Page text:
Friday, November 18, 2005
Yikes. It's been too long. However, the selling of a house and all the work that goes before the closing left me with little too say for quite a while. Well, almost. I had plenty to say as we dealt with the Buyers from Hell.
I have a special aptitude for business... I think it's genetic. Actually, I seem to be missing a gene when it comes to money. If it comes easily, I have a compulsion to give it away. When it doesn't come at all, I think that I don't really deserve it and don't put up much of a fuss.
However, the Buyers from Hell were so obnoxious that I suddenly attempted to overcome my genetic programming. What horrible people. Although it wounds me to speak ill of a representative of my gender, the she-buyer was a total bitch. Her idea of negotiations was "gotcha." Negotiations weren't really negotiations; they were simply lists of demands placed in a middle column to look more neutral. There was no such thing as an agreement to pass on any of these dicta.
My philosophy of negotiations is based on the Fisher and Ury classic, Getting to Yes. The she-buyer's was based on that athletic classic, football. Or was it boxing? Win-win meets the tackle, or the knockout. I wasn't getting any other offers--the market was so glutted with other houses in my price range, and this was a distinctly western-style house in a Cape Cod market. I was weary of supporting a house in which I no longer lived, so, in the end, I had to capitulate to this monster.
It was only appropriate that we closed on Halloween.
Then there was --and is-- the stuff. Too much stuff, even after I have performed three or four full tilt boogie cleanouts. I try to be hard-ass. The local Five College Book Sale has regularly received large chunks of my library; I have donated most of my clothes, dishes, and trinkets to the local thrift shops, furniture to the homeless shelters. Still there are too many boxes. I still stumble over them on my way to bed.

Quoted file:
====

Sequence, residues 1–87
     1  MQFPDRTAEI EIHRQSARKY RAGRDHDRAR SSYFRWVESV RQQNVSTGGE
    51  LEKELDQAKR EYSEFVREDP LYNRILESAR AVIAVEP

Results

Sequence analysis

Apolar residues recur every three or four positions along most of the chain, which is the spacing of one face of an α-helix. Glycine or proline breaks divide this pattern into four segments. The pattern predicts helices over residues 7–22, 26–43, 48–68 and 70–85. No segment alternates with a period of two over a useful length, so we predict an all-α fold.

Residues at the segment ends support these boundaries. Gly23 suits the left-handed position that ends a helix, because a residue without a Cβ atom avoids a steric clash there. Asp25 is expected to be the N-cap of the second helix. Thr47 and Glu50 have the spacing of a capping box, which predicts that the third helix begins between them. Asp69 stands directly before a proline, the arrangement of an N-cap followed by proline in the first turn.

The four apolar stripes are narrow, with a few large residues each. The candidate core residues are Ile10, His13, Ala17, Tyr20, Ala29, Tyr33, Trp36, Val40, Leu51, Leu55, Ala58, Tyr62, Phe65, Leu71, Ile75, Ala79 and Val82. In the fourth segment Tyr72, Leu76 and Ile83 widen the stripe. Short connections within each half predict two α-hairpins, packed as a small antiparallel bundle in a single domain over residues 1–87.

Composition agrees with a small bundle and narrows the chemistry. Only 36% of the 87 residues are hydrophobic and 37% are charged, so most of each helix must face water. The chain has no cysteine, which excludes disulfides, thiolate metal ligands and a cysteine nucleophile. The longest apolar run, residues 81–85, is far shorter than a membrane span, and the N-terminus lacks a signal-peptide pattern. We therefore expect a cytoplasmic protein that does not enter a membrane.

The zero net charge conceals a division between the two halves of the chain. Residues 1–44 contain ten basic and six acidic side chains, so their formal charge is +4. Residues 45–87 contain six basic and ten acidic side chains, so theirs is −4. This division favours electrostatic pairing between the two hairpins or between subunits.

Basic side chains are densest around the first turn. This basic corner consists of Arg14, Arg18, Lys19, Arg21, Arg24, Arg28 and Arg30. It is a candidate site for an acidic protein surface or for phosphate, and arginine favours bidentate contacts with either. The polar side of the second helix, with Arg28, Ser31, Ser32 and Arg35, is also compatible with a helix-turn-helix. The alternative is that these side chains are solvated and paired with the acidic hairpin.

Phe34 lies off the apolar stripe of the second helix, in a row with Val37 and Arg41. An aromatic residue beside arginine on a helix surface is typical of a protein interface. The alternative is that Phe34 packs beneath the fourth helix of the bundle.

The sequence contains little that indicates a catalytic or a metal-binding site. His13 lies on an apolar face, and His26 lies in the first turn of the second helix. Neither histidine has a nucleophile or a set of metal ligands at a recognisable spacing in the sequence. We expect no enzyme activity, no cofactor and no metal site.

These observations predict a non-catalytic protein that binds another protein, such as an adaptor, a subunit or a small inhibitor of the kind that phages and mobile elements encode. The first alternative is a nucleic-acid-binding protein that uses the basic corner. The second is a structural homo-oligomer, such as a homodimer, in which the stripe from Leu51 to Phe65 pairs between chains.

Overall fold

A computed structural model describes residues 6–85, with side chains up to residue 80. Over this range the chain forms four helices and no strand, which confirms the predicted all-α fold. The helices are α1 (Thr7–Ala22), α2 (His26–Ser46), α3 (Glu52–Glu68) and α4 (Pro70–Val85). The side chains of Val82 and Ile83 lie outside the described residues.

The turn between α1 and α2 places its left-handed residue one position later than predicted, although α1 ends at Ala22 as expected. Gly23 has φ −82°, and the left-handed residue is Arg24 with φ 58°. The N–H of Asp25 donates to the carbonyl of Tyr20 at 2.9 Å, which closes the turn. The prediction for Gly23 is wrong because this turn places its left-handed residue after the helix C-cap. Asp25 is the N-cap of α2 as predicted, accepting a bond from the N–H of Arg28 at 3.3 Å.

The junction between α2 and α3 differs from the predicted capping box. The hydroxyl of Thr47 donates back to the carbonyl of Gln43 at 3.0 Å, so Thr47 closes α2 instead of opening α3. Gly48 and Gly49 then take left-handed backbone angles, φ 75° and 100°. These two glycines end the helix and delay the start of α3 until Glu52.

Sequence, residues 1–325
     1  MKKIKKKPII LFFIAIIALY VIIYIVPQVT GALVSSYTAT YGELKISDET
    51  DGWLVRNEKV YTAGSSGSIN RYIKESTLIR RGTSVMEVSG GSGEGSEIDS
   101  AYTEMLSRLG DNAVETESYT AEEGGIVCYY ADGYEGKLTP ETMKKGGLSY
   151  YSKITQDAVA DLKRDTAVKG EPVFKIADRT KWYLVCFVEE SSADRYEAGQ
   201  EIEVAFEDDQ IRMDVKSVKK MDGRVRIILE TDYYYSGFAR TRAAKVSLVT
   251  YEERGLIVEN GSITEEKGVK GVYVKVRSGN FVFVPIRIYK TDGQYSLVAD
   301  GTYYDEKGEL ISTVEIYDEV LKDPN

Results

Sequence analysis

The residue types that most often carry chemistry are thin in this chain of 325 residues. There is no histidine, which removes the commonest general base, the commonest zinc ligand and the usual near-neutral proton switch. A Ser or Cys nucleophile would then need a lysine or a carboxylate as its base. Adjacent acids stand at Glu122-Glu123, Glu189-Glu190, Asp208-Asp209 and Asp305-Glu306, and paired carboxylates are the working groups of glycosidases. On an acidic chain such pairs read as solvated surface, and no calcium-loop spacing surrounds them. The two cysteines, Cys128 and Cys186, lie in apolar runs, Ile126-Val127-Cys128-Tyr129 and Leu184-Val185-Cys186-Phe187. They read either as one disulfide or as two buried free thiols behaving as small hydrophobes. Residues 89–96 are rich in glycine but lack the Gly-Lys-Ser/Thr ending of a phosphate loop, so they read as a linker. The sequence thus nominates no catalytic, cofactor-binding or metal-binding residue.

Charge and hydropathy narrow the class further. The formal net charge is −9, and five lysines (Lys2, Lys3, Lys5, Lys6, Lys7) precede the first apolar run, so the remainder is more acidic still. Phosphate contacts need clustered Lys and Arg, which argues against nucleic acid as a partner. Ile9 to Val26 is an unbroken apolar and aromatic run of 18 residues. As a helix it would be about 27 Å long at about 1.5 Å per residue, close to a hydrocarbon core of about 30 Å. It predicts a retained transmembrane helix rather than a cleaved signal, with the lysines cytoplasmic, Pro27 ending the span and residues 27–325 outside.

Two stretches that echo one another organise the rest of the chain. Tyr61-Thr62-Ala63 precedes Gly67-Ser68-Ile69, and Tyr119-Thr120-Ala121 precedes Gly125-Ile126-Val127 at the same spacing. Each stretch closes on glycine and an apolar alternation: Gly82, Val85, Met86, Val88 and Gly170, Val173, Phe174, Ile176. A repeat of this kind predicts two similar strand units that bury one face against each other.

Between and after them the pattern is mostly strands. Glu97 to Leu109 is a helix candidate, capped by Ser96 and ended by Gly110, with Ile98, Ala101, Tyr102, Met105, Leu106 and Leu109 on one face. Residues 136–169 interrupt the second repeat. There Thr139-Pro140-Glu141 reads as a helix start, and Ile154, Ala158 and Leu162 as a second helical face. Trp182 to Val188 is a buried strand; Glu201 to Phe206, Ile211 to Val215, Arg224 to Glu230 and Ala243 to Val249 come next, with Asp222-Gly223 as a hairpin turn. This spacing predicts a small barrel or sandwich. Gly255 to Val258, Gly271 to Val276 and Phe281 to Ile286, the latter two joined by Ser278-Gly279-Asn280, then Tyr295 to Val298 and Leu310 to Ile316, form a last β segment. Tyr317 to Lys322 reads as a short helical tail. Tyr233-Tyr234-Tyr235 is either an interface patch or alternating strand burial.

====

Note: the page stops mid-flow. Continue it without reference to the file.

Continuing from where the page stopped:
Once we were clear of the closing, I jumped on a plane for Oregon. While I stayed with a friend, Carol, in Eugene, I found myself wandering around her house, which I nicknamed the Museum of Mirth. It's just so... Carol. Her house is that wonderful blend of what I love about her: silliness and intelligence; whimsy and intensity.
How much of our "stuff" can we unload without losing those trappings that allow our friends to experience us in walking around our abodes? Carol's house made me aware of the need for balance, even as I unload my goose-neck lamp that is actually topped by the head of a goose. No sense losing all my kitschy trappings, especially given my tacky gene, which seems to have stood in for the money gene.
I am back from Oregon now, having sent Carol a thank you in the form of an "original" cocktail napkin from Bimbo's, replete with pink elephants, discovered in an antique shop in Newport. Remember when Bimbo was simply the name of one of the elephants in Dumbo? Those were the days! Bimbo will be right at home in Carol's house.
I pray to find home wherever I go, these uncertain miles ahead.